Tools for Making Sure Your Saddle Doesn't Slip

Updated on August 9, 2019
jenniferrpovey profile image

Jennifer specializes in articles about horse training, care, and purchasing.

Mountain horses ready to go on the trail, wearing breast collars and back cinches.
Mountain horses ready to go on the trail, wearing breast collars and back cinches. | Source

Saddle Security

There are few things a rider dreads more than the saddle slipping. Although this can be caused by a loose girth or cinch, there are plenty of other reasons.

The horse's conformation can contribute. Ponies and draft horses with low withers often have the saddle slip sideways, especially when mounting. Many mules have narrow shoulders that tend to cause the saddle to drift forward.

Riding in rough terrain can also cause saddle motion even if your cinch is perfectly tight.

Because of this, a number of devices have been created to help prevent a saddle from slipping.

The Hunting Breastplate

The breastplate is sometimes called a hunting breastplate or English breastplate because it is most often seen in the hunt field. Breastplates are also a very common piece of equipment for the cross country phase of eventing and are sometimes seen in the jumper ring.

The primary purpose of a breastplate is to prevent the saddle from slipping either sideways or backwards, usually when jumping.

The standard three-point breastplate consists of a strap around the horse's neck, a strap that runs to the girth between the legs and two straps that hook on to the D-rings on the front of the saddle.

Some people prefer a five-point breastplate, which has extra straps that run from the neck strap to the front girth straps above where the girth is attached.

Breastplates often come with a running martingale attachment (rarely, they may come with a standing martingale attachment, but as these are not considered suitable to jump in, this is unusual).

They are normally leather, but can also be made of synthetic material.

The Breastgirth

The breastgirth is used both by English and western riders.

It is a thick strap that runs around the horse's chest, secured to the girth. Some designs have a second strap that runs over the shoulders and prevents it from slipping up and down.

In the English field, breastgirths are seen in hunters and jumpers. Some people believe they give the horse more freedom of movement than a full breastplate.

Western types call this device a breast collar, and generally secure it to the top of the fenders, but it is essentially the same thing and serves the same purpose. It's seen on rodeo horses and when trail riding in difficult terrain.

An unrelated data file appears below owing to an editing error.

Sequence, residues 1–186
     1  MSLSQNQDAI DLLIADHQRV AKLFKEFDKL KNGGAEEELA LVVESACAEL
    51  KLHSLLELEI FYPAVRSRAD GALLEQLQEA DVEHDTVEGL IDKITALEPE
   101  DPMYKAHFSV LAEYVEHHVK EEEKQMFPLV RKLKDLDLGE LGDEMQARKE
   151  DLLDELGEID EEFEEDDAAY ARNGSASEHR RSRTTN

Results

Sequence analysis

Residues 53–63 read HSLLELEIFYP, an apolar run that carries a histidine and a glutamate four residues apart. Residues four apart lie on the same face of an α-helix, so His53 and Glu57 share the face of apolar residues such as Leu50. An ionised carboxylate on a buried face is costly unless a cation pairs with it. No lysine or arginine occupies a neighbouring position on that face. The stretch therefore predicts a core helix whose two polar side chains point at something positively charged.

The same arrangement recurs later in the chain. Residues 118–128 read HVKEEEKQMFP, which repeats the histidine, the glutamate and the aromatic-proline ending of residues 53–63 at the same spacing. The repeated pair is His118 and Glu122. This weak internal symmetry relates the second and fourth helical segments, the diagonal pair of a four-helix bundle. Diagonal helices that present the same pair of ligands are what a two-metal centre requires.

The Back Cinch

The back cinch or rear cinch is seen exclusively on western horses. It is used on working horses to keep the saddle from drifting forward or digging into the withers.

It is also sometimes seen for trail riding in rough terrain. Often both a breast collar and a back cinch are used simultaneously for extra security.

Many riders recommend not using a back cinch for casual riding or other situations where you don't need it as it is easy to fit badly. A back cinch that is too tight is uncomfortable. One that is too loose is likely to drift back and turn into a bucking strap—not a good place to end up.

A back cinch should always be used with a strap between it and the main cinch, on both sides, to help prevent this from happening.

The Crupper

A crupper is also used to prevent a saddle from sliding forward (it is also an essential part of the harness). The crupper is secured to the D-rings on the back of the saddle, and then forms a loop that runs under the horse's tail.

As the area under the horse's tail is sensitive, cruppers should always be either made of leather or well padded. Plain nylon should not be used. (Some horses simply will not tolerate a crupper). The crupper should never be fitted too short. It should never have a pulling or lifting effect on the horse's tail.

Saddle mules at the Grand Canyon rim - note the breeching (but no breast collar...we were only going downhill that day).
Saddle mules at the Grand Canyon rim - note the breeching (but no breast collar...we were only going downhill that day). | Source

Britching or Breeching

Breeching is seldom seen on riding horses, although it might be seen when riding in mountains and extreme terrain.

However, it is commonly used on saddle mules, who tend to have very narrow shoulders (for this reason mule saddles fit a little differently from horse saddles). It is always used on pack mules.

Breeching consists of a strap that goes around the horse's hindquarters, under the tail, and several straps over the rump, secured to the back of the saddle with a strap along the spine. The hindquarter strap is secured to the cinch on both sides.

It is often used with a breastcollar as well.

© 2012 jenniferrpovey


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      4 months ago

      My horse has no withers , my saddle slides back and over left or right both and when getting on or off ,,,, I’ve tride several size types of saddles It just won’t stop no matter how tight I cinch it


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